What makes a young radical? Reissued to coincide with the fiftieth anniversary of 1968, Street Fighting Years captures the mood and energy of an era of hope and passion as Tariq Ali tracks the growing significance of the 1960s protest movement, as well as his own formation as a leading political activist.
Through his personal story, he recounts a counter-history of a sixties rocked by the Prague Spring, student protests on the streets of Europe and America, the effects of the Vietnam war, and the aftermath of the revolutionary insurgencies led by Che Guevara. It is a story that takes us from Paris and Prague to Hanoi and Bolivia, encountering along the way Malcolm X, Bertrand Russell, Marlon Brando, Henry Kissinger, and Mick Jagger.
This edition includes the famous interview conducted by Tariq Ali and Robin Blackburn with John Lennon and Yoko Ono In 1971.
“Tariq Ali has not lost the passion and vim which made him a symbol of the spirit of ’68 … has not seen fit to join forces with the terminally cynical, or set up a graven god that can be accused of failing … Ali has spent much of his life documenting America as the arsenal of counter-revolution.”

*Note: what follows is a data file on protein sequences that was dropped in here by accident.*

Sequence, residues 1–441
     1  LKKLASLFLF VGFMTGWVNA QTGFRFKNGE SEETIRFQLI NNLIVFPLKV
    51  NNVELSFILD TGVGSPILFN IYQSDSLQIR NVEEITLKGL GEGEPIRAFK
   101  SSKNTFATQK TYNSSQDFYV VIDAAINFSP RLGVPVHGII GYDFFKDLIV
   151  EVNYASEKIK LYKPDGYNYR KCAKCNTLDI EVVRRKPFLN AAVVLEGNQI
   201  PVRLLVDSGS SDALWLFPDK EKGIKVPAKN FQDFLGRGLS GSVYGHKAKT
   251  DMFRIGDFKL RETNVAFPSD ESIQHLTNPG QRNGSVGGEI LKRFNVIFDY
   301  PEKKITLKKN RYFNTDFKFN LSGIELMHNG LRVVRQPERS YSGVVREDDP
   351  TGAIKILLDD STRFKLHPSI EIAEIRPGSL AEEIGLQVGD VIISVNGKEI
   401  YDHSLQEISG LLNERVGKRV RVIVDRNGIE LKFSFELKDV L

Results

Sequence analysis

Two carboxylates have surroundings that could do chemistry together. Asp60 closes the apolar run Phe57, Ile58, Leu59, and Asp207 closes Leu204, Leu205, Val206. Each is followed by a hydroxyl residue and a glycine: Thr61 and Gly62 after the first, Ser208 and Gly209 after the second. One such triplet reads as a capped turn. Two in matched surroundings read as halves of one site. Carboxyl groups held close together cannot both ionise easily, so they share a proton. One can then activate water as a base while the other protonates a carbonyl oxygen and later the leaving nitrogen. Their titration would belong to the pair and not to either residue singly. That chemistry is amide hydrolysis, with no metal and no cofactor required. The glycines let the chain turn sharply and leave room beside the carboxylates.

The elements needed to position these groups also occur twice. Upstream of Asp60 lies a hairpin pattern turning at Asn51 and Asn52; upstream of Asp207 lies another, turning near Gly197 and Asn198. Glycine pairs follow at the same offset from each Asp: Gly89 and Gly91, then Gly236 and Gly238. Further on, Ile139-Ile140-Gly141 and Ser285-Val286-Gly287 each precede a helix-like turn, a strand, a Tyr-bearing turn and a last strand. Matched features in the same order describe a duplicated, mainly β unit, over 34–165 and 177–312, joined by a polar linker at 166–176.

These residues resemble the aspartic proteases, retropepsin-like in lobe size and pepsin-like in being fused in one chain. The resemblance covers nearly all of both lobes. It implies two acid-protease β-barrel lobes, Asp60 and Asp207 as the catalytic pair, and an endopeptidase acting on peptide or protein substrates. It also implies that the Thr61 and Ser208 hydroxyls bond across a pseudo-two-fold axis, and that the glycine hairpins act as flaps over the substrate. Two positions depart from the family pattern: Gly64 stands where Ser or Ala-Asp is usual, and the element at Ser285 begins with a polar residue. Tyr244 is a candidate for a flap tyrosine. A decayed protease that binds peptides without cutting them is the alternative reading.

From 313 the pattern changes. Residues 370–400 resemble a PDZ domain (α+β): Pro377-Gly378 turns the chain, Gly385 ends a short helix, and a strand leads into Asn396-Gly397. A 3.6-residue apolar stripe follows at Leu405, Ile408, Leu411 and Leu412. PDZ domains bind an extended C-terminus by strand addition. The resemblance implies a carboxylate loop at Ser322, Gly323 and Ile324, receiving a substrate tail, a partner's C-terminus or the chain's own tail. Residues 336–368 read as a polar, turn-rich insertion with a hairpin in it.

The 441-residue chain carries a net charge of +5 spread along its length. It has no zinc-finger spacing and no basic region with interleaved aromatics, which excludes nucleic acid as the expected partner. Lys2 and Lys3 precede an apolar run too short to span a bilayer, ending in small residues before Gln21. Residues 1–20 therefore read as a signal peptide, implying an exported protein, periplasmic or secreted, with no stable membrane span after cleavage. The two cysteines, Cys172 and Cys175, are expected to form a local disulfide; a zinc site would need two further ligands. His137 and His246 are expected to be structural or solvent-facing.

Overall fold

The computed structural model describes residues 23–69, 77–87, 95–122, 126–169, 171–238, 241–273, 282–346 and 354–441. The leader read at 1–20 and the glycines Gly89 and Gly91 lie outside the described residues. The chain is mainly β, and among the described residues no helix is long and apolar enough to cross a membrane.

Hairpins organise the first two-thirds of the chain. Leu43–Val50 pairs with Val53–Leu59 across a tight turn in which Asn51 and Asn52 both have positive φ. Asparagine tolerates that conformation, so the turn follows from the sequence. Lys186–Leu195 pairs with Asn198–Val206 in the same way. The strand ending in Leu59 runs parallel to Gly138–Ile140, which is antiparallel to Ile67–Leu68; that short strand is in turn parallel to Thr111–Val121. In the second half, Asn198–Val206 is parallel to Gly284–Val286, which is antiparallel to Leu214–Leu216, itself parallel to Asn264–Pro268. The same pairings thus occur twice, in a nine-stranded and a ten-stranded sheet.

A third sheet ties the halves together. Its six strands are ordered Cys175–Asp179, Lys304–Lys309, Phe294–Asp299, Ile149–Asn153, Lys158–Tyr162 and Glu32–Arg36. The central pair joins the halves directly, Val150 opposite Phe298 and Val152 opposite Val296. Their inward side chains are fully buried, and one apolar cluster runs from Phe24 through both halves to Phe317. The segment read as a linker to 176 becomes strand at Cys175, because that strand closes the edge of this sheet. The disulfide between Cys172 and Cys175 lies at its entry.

—Christopher Hitchens, Observer
“Has me rapt on the hearthrug, peering into the embers of memory … the memoir proposes that the overriding themes were the confrontation with US imperialism … the efforts of a generation to shake off the shackles of social-democracy and conduct war on capitalism à l’outrance.”
—Alexander Cockburn, Guardian
“We need to remember the sixties, and Tariq Ali’s book is valuable and well presented evidence of the time … as Ali points out the transition from revolutionary to arch-conservative is nothing new … we may frequently have been misguided, but nothing is sadder than a generation without a cause.”
—John Mortimer, Sunday Times
“Street Fighting Years is readable, informative and also inspirational … the recollections of a person who has remained true to himself.”
—Sydney Morning Herald
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